by current-carrier drift in semiconductors, the phenomenon whereby an ultrasonic wave passing through a semiconductor crystal is amplified when the drift velocity of current carriers in the direction in which the wave propagates exceeds the phase velocity of the wave.
The physical nature of ultrasonic amplification is most easily understood by considering the example of a piezoelectric semiconductor (seePIEZOELECTRICITY). As a result of the piezoelectric effect, an elastic wave passing through such a crystal is accompanied by an electric field, which interacts with current carriers—electrons and holes—in the semiconductor. The interaction leads to the redistribution of the carriers in space and the formation of a region of enhanced carrier concentration, that is, the formation of a space charge. If an electric field Ed that produces a space-charge drift with a velocity greater than the phase velocity c of the elastic wave is applied to the specimen, the current carriers will impart energy to the wave as they overtake it, thereby amplifying the ultrasonic wave. A similar process occurs in a traveling-wave tube.
In semiconductors that do not exhibit the piezoelectric effect, an elastic wave interacts with current carriers by way of the deformation potential, that is, directly by means of the interaction of electrons and phonons that characterizes the change in the energy of conduction electrons when the lattice is subjected to elastic deformation. The force exerted on an electron by the strained lattice is proportional to the square of the wave frequency ω. Therefore, ultrasonic amplification in conventional semiconductors is effective only at hypersonic frequencies ω > 109 hertz (seeHYPERSOUND).
At low frequencies, where the mean free path l of current carriers is much less than the ultrasonic wavelength λ, ultrasonic amplification is caused by the space charge, that is, by the supersonic motion of a localized bunch of current carriers of the same sign; the bunch is formed by the wave itself. However, if l/λ ≫ 1, the electrons or holes are nearly free, no space charge is formed, and amplification results from the coherent emission of phonons by individual current carriers. In this case, the amplification process is similar to the two-stream instability in a gas-discharge plasma.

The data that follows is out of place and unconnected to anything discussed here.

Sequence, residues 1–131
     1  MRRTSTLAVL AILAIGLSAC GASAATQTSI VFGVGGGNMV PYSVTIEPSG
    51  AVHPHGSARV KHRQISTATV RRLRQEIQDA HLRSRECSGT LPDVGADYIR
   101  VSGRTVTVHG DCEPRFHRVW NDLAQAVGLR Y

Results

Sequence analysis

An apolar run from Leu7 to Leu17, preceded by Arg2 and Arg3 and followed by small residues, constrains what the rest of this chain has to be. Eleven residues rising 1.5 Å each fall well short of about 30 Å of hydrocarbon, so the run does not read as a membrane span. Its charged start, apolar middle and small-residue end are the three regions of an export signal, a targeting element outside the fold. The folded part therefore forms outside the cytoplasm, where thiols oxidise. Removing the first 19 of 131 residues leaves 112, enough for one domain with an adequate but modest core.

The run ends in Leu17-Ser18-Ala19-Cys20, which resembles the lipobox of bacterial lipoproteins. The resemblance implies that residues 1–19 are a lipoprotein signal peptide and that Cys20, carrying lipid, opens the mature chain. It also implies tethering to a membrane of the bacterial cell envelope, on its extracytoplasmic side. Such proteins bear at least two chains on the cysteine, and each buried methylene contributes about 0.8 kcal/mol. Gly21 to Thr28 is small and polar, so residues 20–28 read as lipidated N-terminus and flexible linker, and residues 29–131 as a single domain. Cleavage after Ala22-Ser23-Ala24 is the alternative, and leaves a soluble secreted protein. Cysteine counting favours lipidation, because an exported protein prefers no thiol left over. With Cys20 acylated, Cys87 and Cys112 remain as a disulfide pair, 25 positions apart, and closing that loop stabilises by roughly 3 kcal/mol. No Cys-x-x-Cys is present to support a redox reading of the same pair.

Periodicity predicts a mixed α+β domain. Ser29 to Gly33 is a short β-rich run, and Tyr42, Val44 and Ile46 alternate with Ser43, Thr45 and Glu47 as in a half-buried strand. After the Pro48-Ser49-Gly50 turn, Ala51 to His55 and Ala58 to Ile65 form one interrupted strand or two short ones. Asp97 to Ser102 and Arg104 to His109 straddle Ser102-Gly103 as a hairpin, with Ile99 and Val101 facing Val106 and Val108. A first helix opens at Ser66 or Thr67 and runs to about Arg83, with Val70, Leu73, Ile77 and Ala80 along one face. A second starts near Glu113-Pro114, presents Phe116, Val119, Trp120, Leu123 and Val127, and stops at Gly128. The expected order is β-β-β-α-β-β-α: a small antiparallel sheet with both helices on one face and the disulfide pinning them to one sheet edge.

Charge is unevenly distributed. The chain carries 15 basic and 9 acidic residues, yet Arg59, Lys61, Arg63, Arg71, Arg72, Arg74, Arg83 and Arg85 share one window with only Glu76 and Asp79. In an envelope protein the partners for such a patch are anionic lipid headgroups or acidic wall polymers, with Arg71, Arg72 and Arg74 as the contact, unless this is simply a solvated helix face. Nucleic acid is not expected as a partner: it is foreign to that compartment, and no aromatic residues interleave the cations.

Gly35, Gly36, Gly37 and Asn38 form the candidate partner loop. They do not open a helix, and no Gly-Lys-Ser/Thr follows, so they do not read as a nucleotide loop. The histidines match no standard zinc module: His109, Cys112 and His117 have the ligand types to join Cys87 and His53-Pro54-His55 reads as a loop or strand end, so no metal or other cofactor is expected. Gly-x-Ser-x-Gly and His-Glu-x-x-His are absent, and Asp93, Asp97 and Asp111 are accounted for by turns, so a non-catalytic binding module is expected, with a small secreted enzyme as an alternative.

For ultrasonic amplification in a piezoelectric semiconductor crystal, the crystal symmetry and the direction in which the elastic wave propagates should be such that an elastic wave with a given polarization is accompanied by a longitudinal electric field, since the current carriers in the semiconductor interact most effectively with the longitudinal component of the wave’s electric field vector. Both longitudinal and transverse waves may be amplified in CdS, CdTe, ZnO, GaAs, and CdSe piezoelectric crystals.
In practice, the main difficulty in the use of ultrasonic amplification is the overheating of specimens during amplification. To avoid this problem, experiments are usually performed in the pulse mode by applying a drift field to a specimen only during an ultrasonic pulse. Very high levels of ultrasonic amplification may be achieved in piezoelectric semiconductors; however, nonlinear effects that limit the amplification become substantial.
Ultrasonic amplification may be used in practice to develop active ultrasonic delay lines, to amplify microwave oscillations (with the use of double acoustoelectric conversion), and to produce hypersonic radiators and receivers. The study of the effect of ultrasonic amplification in semiconductors—especially in a strong magnetic field—makes it possible to evaluate and measure a number of characteristic parameters and constants of solids; in particular, Fermi surfaces may be investigated.
REFERENCESSee references under ULTRASOUND.
V. I. PUSTOVOIT